David Dickinson Official Site Contact David Dickinson


david and lorne

Mr and Mrs David Dickinson

In the mid nineteen sixties I met my wife-to-be in a nightclub. She is the international cabaret artist Lorne Lesley, and we've now been married for over forty years. Lorne is half African and half Welsh and hails from Tiger Bay,  just like Shirley Bassey. Lorne is very glamorous, a lovely striking lady, and she has more talent in her little finger than I have in my whole body!

When I met Lorne Lesley I was working in the textile industry, but I was ready for a change of career and as I got to know Lorne better we decided I should become her manager. Together we traveled the world. It was during this time that my interest in antiques began to flourish. The cabaret bookings took us to europe and many other far flung exotic locations and as Lorne's shows didn't start until late in the evening we had all day together to go out shopping and exploring the towns.

Small Shop , Big Step

I learned a lot just looking around shops and market stalls and by always asking lots of questions. Getting my 'eye in' the world of antiques. I reckon that dealers love to be charmed and that if you are polite, and ask before hauling the merchandise about that traders will be happy to answer all your questions and give you as much information about a piece as they can. Spotting a bargain is not a question of luck but the application of acquired knowledge and experience.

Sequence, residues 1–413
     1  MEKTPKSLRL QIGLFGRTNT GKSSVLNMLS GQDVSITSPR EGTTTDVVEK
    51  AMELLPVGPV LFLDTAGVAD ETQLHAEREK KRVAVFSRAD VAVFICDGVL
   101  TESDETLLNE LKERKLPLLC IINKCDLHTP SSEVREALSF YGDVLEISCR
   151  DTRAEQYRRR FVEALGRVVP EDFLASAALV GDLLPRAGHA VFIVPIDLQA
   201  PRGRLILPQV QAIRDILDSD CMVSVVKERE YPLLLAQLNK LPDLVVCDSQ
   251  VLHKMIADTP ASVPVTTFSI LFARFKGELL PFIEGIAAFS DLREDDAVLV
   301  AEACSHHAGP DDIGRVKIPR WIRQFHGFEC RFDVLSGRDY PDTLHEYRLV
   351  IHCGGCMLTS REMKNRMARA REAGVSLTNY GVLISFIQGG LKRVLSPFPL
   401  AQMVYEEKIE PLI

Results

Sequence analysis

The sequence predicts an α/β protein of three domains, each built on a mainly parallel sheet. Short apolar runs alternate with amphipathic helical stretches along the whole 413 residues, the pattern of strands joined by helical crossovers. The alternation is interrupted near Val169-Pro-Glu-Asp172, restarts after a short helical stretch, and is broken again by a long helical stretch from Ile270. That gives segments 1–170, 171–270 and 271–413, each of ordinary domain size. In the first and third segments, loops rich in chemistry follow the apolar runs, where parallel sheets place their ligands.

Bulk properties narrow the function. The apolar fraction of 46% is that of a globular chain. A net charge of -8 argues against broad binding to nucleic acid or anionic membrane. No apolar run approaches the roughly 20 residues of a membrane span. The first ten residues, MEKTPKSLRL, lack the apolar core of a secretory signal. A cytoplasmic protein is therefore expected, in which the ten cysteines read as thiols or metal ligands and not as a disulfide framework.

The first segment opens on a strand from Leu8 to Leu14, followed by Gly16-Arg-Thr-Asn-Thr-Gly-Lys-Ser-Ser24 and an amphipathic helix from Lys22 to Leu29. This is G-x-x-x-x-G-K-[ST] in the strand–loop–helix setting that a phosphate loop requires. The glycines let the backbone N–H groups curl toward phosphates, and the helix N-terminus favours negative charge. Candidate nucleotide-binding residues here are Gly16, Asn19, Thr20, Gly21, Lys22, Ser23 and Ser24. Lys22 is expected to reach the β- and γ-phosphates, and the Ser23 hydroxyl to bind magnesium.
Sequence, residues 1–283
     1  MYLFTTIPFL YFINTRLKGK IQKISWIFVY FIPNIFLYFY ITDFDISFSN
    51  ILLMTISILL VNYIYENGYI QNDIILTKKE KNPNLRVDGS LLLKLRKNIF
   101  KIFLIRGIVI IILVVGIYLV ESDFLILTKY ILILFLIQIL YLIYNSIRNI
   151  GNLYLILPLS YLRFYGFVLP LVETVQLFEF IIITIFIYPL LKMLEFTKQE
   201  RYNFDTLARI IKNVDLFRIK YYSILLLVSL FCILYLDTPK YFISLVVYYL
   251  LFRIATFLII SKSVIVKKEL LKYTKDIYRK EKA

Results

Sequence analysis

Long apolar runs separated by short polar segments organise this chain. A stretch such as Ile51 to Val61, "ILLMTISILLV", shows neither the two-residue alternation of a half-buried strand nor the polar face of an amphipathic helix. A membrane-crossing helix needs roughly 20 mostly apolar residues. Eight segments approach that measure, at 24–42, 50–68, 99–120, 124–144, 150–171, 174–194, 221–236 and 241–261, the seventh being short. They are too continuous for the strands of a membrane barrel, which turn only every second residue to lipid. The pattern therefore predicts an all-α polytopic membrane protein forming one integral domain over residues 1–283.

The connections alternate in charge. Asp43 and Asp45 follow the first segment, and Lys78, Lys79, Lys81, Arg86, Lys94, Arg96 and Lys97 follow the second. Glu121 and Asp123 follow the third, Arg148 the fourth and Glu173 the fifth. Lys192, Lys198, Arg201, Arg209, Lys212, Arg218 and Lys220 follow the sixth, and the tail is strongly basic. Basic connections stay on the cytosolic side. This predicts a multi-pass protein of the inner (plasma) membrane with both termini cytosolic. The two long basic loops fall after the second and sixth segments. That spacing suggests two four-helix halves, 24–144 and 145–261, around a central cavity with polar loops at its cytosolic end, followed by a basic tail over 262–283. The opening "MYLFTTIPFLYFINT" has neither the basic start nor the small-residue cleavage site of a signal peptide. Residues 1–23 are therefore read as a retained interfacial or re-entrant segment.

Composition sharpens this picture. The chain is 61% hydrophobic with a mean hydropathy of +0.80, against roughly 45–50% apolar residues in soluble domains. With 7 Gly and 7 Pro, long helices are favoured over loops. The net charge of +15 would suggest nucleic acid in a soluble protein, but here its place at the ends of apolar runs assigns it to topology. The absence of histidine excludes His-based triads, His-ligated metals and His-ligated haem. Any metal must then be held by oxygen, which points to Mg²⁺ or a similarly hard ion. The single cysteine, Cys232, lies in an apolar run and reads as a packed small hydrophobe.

In the nineteen seventies I bought a little shop in the centre of Disley, a region of Manchester with my boyhood friend Chris Haworth, Chris enjoyed collecting and I had already started buying and selling antiques. The little shop was a big step.

mrs david dickinson

A Risky Business

Things went really well for Chris and I and we shared good fortune and some good luck. In 1980 we sold the shop in Disley for a handsome profit and rented a 'glamorous emporium' in Wilmslow, the Mayfair of Cheshire. Many people warned us that the venture was risky and sadly business was never good and three years later we two decided to dissolve the partnership, but we remained the best of friends.

I went on to run another shop but this antiques business is not all 'go, go go' and in 1991 with a further recession looming I decided to shut up shop. I carried on in the trade and concentrated on selling antiques at prestigious antique and fine art fairs. For several years I made a good living by taking stands at Olympia and other major antiques fairs three or four times a year.

Read how a chance meeting leads to an unexpected change in career ... next page

Help your friends discover more about "The Duke" by sharing on Twitter or Facebook

Terms & Conditions ¦ Contact Me